The Gilead Baptist Church outside Detroit is on a four-lane highway called South Telegraph Road. The drive down South Telegraph Road to the church, a warehouse-like structure surrounded by black asphalt parking lots, is a depressing gauntlet of boxy, cut-rate motels with names like Melody Lane and Best Value Inn. The highway is flanked by a flat-roofed Walgreens, Blockbuster, discount liquor stores, Taco Bell, McDonald's, Bob's Big Boy, Sunoco and Citgo gas stations, a Ford dealership, Nails USA, the Dollar Palace, Pro Quick Luve and U-Haul. The tawdry display of cheap consumer goods, emblazoned with neon, lines both sides of the road, a dirty brown strip in the middle. It is a sad reminder that something has gone terribly wrong withe America, with its inhuman disregard for beauty and balance, it obsession with speed and utilitarianism, its crass commercialism and it oversized SUVs and trucks and greasy junk food. This disdain for nature, balance and harmony is part of the deadly, numbing assault against community.
Chris Hedges, American Fascists, pp 182-183
I read this passage, and could only shake my head. Typical liberal arrogance.
Oh, yes, how shameful that those who are not so well-off have to stay in such tawdry, cut-rate places like Best Value. Such a pity all hotels and inns aren't Marriots or some other where a night's rest would likely cost a week's wages instead of a day's.
And, of course, how unimaginative that stores are in buildings with flat rooves (or is that roofs, I admit I'm not certain). Perhaps Hedges would find them more acceptable if they had...oh, I don't know...domed roofs? Or maybe inverted V-shaped roofs? Steeples? Or like that famous opera house in Australia?
And, oh, that evil junk food. Never mind that the supposed all-natural health food costs a lot, problem doesn't taste all that good, and in likely not even all that much better. It only gives the health-food snobs a source for their feelings of superiority over those who enjoy Big Macs.
So much could be picked out from this excerpt. Wal-Mart, of course, gets mentioned. As do SUVs, those bastions of evil in the liberal mind.
Now, I have a different take on it. You see, I've been to a former Communist country, Russia.
There is a movie, a classic among the Russian people, I think, from the Soviet era. It's a holiday movie, though probably more concerning New Year's than Christmas, that being the Soviet Union and all. It's a comedy movie. The main premise of it is that, after an evening of carousing with his friends, a man unwittingly takes a plane from Moscow to Leningrad (once and now again St. Petersburg). Because buildings in both cities looked essentially the same, he didn't realize he was in a different city, and he even gets to an apartment or flat that is in the same address as his place in Moscow, and his key works and his gets in. The movie is essentially a romantic comedy, so you can guess where things go from there.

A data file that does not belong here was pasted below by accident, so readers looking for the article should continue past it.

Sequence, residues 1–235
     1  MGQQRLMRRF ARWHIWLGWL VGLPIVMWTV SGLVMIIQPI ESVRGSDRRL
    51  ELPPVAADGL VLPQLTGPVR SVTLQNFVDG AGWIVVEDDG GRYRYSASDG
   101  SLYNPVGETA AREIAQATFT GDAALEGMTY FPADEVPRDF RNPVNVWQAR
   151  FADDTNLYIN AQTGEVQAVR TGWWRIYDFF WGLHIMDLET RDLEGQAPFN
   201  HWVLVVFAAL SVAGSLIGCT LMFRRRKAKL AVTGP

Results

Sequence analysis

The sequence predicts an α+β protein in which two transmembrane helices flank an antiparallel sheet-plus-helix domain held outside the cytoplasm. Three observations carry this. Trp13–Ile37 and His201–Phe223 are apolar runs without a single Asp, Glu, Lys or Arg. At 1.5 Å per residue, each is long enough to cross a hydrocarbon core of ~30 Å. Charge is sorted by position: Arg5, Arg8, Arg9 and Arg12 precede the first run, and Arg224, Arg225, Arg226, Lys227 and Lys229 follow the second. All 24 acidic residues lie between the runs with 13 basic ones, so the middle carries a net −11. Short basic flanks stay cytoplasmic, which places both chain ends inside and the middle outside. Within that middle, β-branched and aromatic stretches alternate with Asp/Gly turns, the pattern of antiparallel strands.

Another aspect of the movie is the animation that precedes it. A man, an architect, designs a building of flats. It's a rather basic but a bit ornate design, with balconies and some other bits of decoration. But in order to build it, he must make his way through the Soviet bureaucracy, and in doing so, a bit is taken here and there, and the final building design is about has basic and plain as one could imagine. At the end of the animation, we see lines and lines of these plain buildings, with legs, marching about, even into other, non-Russian places, I suppose to show how that form of housing will eventually be everywhere.
And in Soviet Russia, it pretty much was. I remember seeing city streets lined with these rows and rows of flat buildings. They may have varied a good bit in height or width, but overall there was a dulling sameness to them all, something even the Russian people knew.
So, one must pardon me if I'm not too taken withe Hedges sentiments and logic, if it does not do injustice to the word logic to apply to whatever thinking Hedges was doing. I simply cannot agree with his conclusions, and frankly think that his words display an arrogance and condescension that is rather ugly and unbecoming.